Cat lovers know that many indoor cats are overweight, inactive, and bored – and that can have a negative effect on their health. Indoor cats can live a healthy and fulfilling life, provided they have environmental enrichment.
1. Playtime Keep cats active by providing different toys to encourage and mimic hunting. Some cats like chasing motorized mice, and others like playing with feathers, stuffed animals, or even a cardboard box. Take care not to let your cat ingest little pieces of cat toys. Also, be cautious with laser lights, as they may be confusing since your cat cannot catch the light.
2. Sleeping in a Safe Place Make sure your cat has a safe spot to rest and sleep. This may be elevated, in a corner, or in a nook, depending on your cat’s preferences. The spot should be in a quiet area in the house, and other pets in the home should not threaten your cat in this spot.
3. Litterboxes Cats naturally use a litterbox, so if your cat is eliminating outside the litterbox, a veterinarian should evaluate him. If common health problems have been ruled out, it is time to assess the litterbox situation in the home. As a rule of thumb, you should have a litterbox for each cat – plus one. The boxes should be cleaned daily and washed at least once a week. They should be in a space that feels safe for the cat. For example, some cats might be scared of a litterbox if it’s near a washing machine or dryer. Cats should not have competition when getting to their litterbox. If you have an older cat or a cat with mobility challenges, be aware of where the litterbox is placed. It should be located on a level they can easily reach, and the box should be easy to enter and exit. Most cats generally prefer a large, uncovered box with fine-grained and unscented litter. The size of the box should be approximately one-and-a-half times the size of your cat.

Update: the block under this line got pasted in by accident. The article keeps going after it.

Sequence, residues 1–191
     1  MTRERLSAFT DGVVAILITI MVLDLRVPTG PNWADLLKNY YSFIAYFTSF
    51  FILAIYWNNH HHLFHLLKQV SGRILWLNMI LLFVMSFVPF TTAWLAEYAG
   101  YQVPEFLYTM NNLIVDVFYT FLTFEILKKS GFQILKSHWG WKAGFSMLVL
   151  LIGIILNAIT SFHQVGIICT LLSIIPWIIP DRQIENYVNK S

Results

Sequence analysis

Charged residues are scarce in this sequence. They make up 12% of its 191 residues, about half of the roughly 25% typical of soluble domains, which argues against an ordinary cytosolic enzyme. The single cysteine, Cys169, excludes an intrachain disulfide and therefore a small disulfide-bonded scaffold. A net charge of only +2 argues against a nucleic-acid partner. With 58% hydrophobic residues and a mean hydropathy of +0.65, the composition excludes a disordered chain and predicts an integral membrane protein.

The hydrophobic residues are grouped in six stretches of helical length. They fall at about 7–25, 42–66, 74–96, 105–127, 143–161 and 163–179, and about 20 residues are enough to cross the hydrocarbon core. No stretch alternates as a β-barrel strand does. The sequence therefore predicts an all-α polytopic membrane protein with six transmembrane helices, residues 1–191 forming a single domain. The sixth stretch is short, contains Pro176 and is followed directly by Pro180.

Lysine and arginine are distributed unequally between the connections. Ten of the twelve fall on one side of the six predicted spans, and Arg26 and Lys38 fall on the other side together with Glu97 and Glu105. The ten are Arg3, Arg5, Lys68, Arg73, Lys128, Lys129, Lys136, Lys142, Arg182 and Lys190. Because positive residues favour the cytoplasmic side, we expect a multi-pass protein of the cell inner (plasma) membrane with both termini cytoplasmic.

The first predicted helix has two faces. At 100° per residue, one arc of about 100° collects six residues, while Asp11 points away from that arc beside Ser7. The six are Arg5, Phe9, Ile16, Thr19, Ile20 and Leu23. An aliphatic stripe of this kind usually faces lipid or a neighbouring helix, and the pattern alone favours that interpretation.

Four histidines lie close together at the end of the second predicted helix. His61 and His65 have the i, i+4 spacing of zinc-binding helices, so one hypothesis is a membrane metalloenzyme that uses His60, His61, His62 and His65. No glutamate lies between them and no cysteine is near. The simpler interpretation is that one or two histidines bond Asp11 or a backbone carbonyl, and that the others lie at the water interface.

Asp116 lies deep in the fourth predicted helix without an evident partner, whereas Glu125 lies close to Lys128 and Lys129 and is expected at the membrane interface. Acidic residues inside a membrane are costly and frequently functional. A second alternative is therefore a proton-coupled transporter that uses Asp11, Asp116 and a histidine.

4. Food and Water Make sure your indoor cat has fresh food and water daily. See how your cat responds when you use different kinds of bowls. Many cats prefer a particular shape or material of the bowl. Also, many cats like to drink from running water, so looking into some kind of fountain might be a good idea. Providing different options will help determine your cat’s preferences. Some cats prefer canned food over dry food or vice versa. Ideally, you can talk to your veterinarian about the kind of food that’s right for your cat if there are health challenges.
5. Scratching Posts As much as you love your indoor cat, you can’t allow him to scratch furniture, rugs, carpets, or other valued materials. If you observe your cat scratching a piece of furniture that is vertical, you can mimic this by making a vertical scratch post with a material that’s similar to the one on the furniture (leather, fabric upholstery, etc.) Next, positively reinforce your cat to use this post, rather than your piece of furniture. Providing treats, pheromones, or catnip will help encourage your cat to use the new post. Place the scratching post in a visible area of your home.
6. Veterinary Visits I know from experience, catching your cat and placing him in a carrier can be a challenge. As a result, many owners avoid veterinary visits, which can lead to preventable health problems in the long run. You can help decrease your cat’s association between the carrier and trips to the vet by placing the carrier in your cat’s regularly frequented spaces, where it is always visible. You can also put treats in the carrier, incorporate pheromones or use the carrier for positive adventures.
Cats provide humans with so much joy. In return, we can give them companionship and love by making adjustments at home to improve their health and happiness.